G-d wants us to listen, to obey. There was great irony in Saul’s excuse. The whole purpose of bringing sacrifices is because we have NOT listened; we have NOT obeyed properly. How shallow and meaningless are Saul’s words to the prophet, “I have saved the animals in order to bring sacrifices”? He had it all backwards! It is better to listen in the first place and not need to bring a sacrifice, than to not listen to G-d’s words (to kill all the animals) and to pride oneself in his willingness to bring sacrifices. One should bring his offerings out of a feeling of subservience, not out of a motive that “I have a better idea than what G-d commanded.”
This write-up is adapted from the hashkafa portion of Rabbi Yissocher Frand’s Commuter Chavrusah Torah Tapes on the weekly Torah Portion. The halachic topics covered for the current week’s portion in this series are:
Tape # 003 – The Korban Pessach Today
Tape # 048 – Is Shaving Permitted on Chol Ha’Moed?
Tape # 091 – Americans in Yerushalyaim: Two-Day Yom Tov or One?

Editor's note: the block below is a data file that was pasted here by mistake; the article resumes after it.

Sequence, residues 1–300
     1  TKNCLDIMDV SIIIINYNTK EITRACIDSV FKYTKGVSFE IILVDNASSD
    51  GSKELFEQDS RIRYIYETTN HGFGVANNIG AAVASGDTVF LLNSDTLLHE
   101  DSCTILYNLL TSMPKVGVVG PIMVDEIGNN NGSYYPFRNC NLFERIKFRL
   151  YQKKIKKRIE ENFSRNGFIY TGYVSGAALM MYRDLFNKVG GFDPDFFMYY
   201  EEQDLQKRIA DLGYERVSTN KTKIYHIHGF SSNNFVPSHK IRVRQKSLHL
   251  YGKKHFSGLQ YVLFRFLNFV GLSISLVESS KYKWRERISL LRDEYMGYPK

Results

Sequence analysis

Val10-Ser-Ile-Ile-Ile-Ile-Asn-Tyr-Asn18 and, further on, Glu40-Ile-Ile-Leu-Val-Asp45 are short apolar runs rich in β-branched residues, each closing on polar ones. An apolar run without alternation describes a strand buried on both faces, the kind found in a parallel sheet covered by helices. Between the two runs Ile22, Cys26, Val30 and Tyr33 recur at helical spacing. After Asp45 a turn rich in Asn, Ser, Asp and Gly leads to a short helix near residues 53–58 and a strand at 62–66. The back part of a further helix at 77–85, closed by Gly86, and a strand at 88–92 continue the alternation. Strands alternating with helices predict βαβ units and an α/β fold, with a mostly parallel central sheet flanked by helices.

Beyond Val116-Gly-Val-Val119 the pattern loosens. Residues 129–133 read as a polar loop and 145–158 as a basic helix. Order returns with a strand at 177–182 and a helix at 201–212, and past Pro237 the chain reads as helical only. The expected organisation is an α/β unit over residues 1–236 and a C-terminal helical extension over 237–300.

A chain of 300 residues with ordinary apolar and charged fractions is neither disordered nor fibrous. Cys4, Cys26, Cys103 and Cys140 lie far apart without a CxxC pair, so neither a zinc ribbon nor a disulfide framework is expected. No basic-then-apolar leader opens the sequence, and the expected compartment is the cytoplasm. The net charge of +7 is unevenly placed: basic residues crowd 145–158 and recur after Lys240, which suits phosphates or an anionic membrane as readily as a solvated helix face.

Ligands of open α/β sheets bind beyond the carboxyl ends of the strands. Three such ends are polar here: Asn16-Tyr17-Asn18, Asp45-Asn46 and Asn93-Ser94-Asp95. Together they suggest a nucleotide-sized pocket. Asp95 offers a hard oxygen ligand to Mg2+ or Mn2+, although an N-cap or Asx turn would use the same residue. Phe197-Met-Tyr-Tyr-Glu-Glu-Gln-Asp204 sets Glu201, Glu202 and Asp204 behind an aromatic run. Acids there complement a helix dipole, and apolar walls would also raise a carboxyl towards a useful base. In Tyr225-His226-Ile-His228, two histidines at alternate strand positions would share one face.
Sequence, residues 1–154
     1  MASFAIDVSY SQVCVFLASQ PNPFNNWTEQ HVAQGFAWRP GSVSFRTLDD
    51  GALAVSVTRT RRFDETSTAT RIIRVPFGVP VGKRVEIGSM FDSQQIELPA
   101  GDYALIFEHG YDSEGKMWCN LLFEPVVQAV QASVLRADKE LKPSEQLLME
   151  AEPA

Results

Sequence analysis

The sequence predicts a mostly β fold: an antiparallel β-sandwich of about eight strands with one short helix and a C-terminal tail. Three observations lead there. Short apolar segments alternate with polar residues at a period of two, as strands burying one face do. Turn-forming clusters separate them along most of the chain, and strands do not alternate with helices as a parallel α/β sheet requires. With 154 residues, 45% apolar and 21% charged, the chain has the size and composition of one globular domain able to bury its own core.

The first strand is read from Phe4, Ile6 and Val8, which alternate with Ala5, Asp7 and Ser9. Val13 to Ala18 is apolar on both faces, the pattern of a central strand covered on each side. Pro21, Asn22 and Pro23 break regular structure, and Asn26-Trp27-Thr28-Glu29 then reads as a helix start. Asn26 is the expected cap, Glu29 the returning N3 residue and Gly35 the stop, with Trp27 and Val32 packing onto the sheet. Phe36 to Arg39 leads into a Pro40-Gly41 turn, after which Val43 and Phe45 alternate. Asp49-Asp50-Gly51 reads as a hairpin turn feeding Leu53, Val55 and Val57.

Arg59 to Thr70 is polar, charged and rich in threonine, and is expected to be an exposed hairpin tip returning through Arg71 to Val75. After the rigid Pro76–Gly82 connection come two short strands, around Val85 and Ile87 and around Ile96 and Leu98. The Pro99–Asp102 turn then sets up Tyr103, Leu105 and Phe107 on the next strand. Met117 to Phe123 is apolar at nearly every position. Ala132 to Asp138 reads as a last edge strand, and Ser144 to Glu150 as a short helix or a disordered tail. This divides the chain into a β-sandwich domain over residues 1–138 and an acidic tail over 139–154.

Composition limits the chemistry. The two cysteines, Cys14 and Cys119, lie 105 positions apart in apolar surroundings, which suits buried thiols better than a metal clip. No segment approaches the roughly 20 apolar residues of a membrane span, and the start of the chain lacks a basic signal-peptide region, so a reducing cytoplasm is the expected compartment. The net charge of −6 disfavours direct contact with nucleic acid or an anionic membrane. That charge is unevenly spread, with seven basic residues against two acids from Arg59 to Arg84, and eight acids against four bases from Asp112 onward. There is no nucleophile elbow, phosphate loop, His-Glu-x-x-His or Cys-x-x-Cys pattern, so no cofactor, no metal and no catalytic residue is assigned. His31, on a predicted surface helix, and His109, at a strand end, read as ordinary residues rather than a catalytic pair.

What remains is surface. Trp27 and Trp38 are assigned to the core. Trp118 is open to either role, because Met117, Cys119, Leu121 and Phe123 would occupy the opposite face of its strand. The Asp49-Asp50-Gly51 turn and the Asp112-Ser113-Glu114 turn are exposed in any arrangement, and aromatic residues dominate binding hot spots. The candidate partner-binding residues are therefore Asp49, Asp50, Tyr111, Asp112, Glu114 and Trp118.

Tape # 139 – Confidentiality: Prohibition Against Revealing Secrets Tape # 186 – Shalach Monos and Other Purim Issues
Tape # 232 – Marror: A Bitter Problem?
Tape # 276 – Is Theft Permitted to Save A Life?
Tape # 322 – A Unique Erev Pessach and Its Broader Implications
Tape # 366 – Chometz She’avar Olov HaPesach
Tape # 410 – The Obligation to Testify
Tape # 454 – Eruv Tavshilin
Tape # 498 – Honey – Why Is It Kosher
Tape # 542 – Selling Chametz
Tape # 586 – Rabbinic Confidentiality
Tape # 630 – Gebrokts and Kneidelach
Tape # 674 – Saying Korbonos
Tape # 718 – Karbanos: The Basis for Tefillah
Tape # 762 – Standing During Davening
Tape # 806 – Voice Recognition – How Reliable?
Tape # 850 – Taking Medicines on Yom Tom
Tapes or a complete catalogue can be ordered from the Yad Yechiel Institute, PO Box 511, Owings Mills MD 21117-0511. Call (410) 358-0416 or e-mail [email protected] or visit http://www.yadyechiel.org/ for further information.